Illustration by Stavros Damos
Illustration: Stavros Damos

I was always in trouble when I was in school, always in a lot of fights. One time I was sent to the principal’s office, and there was another kid there who said, “Bet you can’t stand up on the principal’s desk.” So I jumped right up and walked around on it. That’s when the principal came in. I have a little note in my office that says: “If we want to understand the entrepreneur, we should look at the juvenile delinquent.”

My dad was a physically tough guy. Way bigger than me. Like six feet, 220. He was the kind of guy who would get out of the car and go fight a truck driver. He’d say, “Don’t take shit from anybody. If they say something you don’t like, you fucking hit ’em in the head.” So that’s what I did.

Dad was not a wildly successful entrepreneur. Among other things, he and his brother were bookies. In the ’50s, they started a place across from the Civic Opera House called Melman’s Cafeteria. The reason they opened it was so they could put a dice game in the back. But the restaurant turned out to be so popular and made so much money, they got into it.

I got into therapy when I was about 24, and it was the best thing I ever did. It was the early ’60s, when people weren’t doing it. But I dated a girl whose father was a psychiatrist. He would just see me around the house and hear me talk, and he would tell her things about my behavior that she’d repeat to me. It was enlightening. I was aware enough to know that he was right: I wasn’t a good boyfriend.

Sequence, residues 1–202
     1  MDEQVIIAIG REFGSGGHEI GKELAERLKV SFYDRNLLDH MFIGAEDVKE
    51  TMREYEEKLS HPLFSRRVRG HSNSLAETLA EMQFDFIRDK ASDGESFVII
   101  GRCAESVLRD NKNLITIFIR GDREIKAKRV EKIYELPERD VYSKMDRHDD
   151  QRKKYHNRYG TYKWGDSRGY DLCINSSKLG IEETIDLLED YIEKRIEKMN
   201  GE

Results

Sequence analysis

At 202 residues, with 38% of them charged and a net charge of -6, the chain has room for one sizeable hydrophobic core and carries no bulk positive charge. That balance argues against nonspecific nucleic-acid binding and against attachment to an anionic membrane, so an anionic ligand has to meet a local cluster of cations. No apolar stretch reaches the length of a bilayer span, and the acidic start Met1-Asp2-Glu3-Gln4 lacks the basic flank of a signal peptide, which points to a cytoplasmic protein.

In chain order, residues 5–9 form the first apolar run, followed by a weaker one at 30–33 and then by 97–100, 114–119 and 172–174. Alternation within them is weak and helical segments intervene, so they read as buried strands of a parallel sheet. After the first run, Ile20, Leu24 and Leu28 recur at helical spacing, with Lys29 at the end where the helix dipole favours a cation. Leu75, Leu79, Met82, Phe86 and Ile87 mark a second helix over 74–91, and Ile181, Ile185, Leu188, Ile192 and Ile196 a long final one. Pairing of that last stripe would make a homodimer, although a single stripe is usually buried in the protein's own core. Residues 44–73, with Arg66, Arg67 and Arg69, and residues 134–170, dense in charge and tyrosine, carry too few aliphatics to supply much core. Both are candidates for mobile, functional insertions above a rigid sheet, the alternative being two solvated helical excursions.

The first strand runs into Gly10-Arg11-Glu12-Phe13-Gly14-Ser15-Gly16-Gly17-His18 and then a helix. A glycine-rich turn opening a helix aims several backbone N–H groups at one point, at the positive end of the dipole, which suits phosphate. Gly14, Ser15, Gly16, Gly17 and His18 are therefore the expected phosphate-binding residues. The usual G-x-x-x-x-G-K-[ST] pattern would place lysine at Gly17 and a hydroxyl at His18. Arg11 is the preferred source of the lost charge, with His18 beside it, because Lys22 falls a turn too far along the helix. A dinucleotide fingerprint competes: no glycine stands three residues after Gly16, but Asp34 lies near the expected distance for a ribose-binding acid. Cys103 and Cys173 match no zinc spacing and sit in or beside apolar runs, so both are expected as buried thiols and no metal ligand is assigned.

Jerry Orzoff, my original partner, was in real estate, and he wanted a place to meet girls. He thought a restaurant would be best. I never would’ve been as successful without him. He polished all of my edges. Somebody once asked him, “What the hell do you do in this partnership?” He said, “It’s simple: Richard takes care of the restaurants, and I take care of Richard.” And that was exactly it. He was my guiding light.


R.J. Grunts took its name from his life. Well, R for Richard, J for Jerry. And he had a girlfriend to whom he gave the nickname of Piggy because she used to make these guttural grunting sounds when she ate.

Of all the restaurants I’ve done, I don’t think any was more influential than R.J. Grunts. We did a lot of things by instinct that I didn’t think of as breakthroughs, but they were. It just came out of the life I was living. We had a lot of healthy food on the menu, for one thing. Having waitresses who weren’t in uniforms was another. Music in restaurants used to be elevator music, and we did Woodstock.

Lettuce was supposed to be called Applesauce Enterprises. I loved applesauce. But my wife and her friend didn’t like the name. I said, “Well, come up with a better one.” And they did.

I’m confident enough to know I don’t know it all. Which is the advantage of having not been a good student.

My parents had always talked about the Pump Room. They couldn’t afford to eat there, but they once went there for dessert on their anniversary. Fast-forward to 1975: It’s a Friday night, like 8 o’clock, I’ve made the rounds to our four restaurants, and every one of them is jammed. I happened to be on the Gold Coast and realized, “God, I’ve never seen the Pump Room.” So I went in to take a quick look, and I see only five tables with customers. I said, “Wow, this place has nothing happening, and we’re doing all this business?” I called the next day to ask if it was for sale.

No, the customer’s not always right. The customer is usually right, is how I feel. I don’t have any tolerance for when customers abuse our people.

I always pay when I eat at our restaurants. Every single time. It just feels right.